O'FALLON, Ill. — A school board member here accused of making Islamophobic comments and having a racist motive for opposing a children's book remained defiant Monday night as dozens again packed a school board meeting to demand he step down.
A number of teachers unions and civil rights advocacy groups have joined the call for Steve Springer to resign since parents and teachers first confronted him at an O'Fallon District 90 school board meeting on May 15. The other six school board members have publicly condemned Springer's comments.
Muslim students in the school district have become ashamed of their identity because of Springer's comments, said Kholoud Almofleh, 47, who teaches Sunday school at the Belleville Mosque and Islamic Education Center.
"People like Mr. Springer want our Muslim students to be invisible and be stressed all the time and not be proud of who they are," said Almofleh, a program aide at Delores Moye Elementary School who has a child and two grandchildren in the district and was among several people who spoke during 90 minutes of comments about Springer.
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Almofleh said she invited Springer to the mosque but he did not respond. She read a section from the Quran about God telling mankind that people were created in different but equal groups to know and love one another.
"A board member should represent all students regardless of color or faith, and if Mr. Springer is too intimidated by Muhammed's faith, he shouldn't be in this position," Almofleh said.
Springer has said his comments and opposition to the library event where the children's book was featured were misconstrued.
Springer responded to the criticism in a short speech Monday night. He said his comments were not attacking any student but were pointing out the board needed to establish a policy for accommodating students' individual needs.
"There's no way in hell I'm going to resign from this board," he told the crowd, some of whom he mentioned by name and accused of bullying and harassing him. He said they "intimidated" the other school board members but that he would not be moved.
The board took no public action regarding Springer at Monday's meeting. The group's president has said members are elected by the public and not subject to ouster by other members.
A three-term member of the board, Springer has publicly criticized the local library for holding a reading of a children's book about civil rights and social activism. He said the event "provided a platform for social indoctrination" and that the children were being "set up."
The book in question, "Justice Makes a Difference: The Story of Miss Freedom Fighter, Esquire," follows a young girl named Justice who learns about historic figures like Charles Hamilton Houston, Paul Robeson, and Ida B. Wells in a conversation with her grandma.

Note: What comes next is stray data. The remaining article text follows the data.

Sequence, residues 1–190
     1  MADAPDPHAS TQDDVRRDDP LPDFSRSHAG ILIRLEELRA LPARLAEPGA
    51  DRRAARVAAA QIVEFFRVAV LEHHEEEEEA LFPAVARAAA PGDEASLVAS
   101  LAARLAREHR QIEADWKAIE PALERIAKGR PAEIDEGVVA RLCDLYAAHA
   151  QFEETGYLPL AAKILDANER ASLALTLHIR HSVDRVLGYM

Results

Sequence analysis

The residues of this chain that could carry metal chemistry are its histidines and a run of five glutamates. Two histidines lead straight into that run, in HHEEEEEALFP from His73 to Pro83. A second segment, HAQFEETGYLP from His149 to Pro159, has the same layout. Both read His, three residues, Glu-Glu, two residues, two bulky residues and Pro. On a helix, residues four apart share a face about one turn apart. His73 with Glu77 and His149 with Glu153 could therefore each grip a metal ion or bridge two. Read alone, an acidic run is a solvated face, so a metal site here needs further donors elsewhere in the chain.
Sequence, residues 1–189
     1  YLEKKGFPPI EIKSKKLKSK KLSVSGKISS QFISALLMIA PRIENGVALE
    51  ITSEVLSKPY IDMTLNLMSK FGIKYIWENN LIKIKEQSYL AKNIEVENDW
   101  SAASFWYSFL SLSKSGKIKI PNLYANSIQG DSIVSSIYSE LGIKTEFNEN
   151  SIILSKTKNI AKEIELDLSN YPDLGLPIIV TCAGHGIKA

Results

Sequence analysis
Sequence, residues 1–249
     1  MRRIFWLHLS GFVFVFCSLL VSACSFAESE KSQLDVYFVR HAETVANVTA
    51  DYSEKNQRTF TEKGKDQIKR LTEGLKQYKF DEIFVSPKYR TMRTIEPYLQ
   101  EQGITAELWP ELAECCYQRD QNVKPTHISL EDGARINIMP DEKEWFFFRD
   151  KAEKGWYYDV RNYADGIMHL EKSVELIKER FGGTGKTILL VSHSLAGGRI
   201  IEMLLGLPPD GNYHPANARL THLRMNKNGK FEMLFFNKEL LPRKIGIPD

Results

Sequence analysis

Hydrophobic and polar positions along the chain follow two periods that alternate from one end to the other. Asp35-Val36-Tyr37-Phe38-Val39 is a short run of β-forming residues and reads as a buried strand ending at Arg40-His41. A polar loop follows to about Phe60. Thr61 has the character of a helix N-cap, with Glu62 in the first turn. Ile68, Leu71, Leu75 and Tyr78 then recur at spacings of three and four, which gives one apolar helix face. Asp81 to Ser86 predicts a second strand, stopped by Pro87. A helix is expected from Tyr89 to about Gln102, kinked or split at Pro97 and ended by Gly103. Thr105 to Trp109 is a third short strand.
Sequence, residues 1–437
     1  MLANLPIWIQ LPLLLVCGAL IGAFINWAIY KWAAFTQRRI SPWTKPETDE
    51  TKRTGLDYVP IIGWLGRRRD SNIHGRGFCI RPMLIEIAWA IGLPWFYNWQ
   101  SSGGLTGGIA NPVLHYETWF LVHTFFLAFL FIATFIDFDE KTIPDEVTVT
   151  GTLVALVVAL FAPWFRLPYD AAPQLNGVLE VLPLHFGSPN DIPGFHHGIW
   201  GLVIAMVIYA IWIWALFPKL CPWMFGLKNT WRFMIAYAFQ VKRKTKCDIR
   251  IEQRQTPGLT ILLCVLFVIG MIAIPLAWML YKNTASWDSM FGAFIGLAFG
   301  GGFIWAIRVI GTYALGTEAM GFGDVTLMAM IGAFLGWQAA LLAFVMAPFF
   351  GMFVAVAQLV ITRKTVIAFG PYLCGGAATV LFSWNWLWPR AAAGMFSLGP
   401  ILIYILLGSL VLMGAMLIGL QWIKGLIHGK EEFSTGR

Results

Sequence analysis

Hundreds of parents and students took to the podium May 15 at Fulton Jr. High School to question why Springer would oppose a book that teaches children about making a difference in the world. Toward the end of the meeting, a parent read aloud emails Springer wrote to other board members in 2016 after learning that the school district was allowing a transgender student to use a nurse's office for restroom breaks and to change clothes after gym class.
"It seems you have decided to change the God-given biological makeup of this student without input from a court, the (board of education) or God. The child is a girl. She needs to be referred to as a girl. I am sad she is having such problems and is confused. But confused is the status, and confusion is not a reason for the district to stand on it's head!" he said in an email.
Springer asked the board to "discuss/address what needs to be done for/with 'transgender' students in this case and in the future. A child with serious 'confusion' issues needs professional assistance, and not at taxpayer expense!"
Springer continued: "Next up?? Yes, next will be a place for Mohamed to wash his little feet and face Mecca three times during the school day."
The Missouri chapter of the Council on American Islamic Relations, Illinois Education Association, Equality Illinois, Illinois Federation of Teachers and the Belleville Mosque and Islamic Education Center joined parents in demanding Springer's resignation.
Representatives of the organizations were among the crowd Monday at Fulton Jr. High School.
Several of the speakers said that Springer's comments showed he was not committed to giving students equal treatment and respect.
They said accommodations made for the transgender student were simple gestures that went a long way and questioned why Springer would oppose them.
Refusing to acknowledge the students' self-identified gender causes them mental distress, said Jameson-Michael Hand, of Metro East Pride of Southwestern Illinois.
"My question to you is why would you put a child's safety at risk?" said Hand, a transgender man.
Cameron James "CJ" Casconi said Springer needed to separate his personal beliefs from his role as a board member or resign.
"You're entitled to your personal beliefs," Casconi, a transgender man, said in response to critics who said Springer's comments constituted "free speech."
"What you're not entitled to is using your position on the board to discriminate and bully kids while furthering your political and religious agenda."
Springer's daughter, Cory Hollerbach, was among a handful of people who spoke out on his behalf. Like Springer, they alleged that his comments have been misconstrued and he is being unfairly targeted.
"I look at you all here and at the last meeting and I see the biggest bullies," Hollerbach said.
But fellow board member Mary Baskett said she was bothered by Springer's anger and attacks on those challenging him.
"I challenge you and call on you to try to be neutral, instead of attacking back, to show people you are not who they say you are," Baskett said.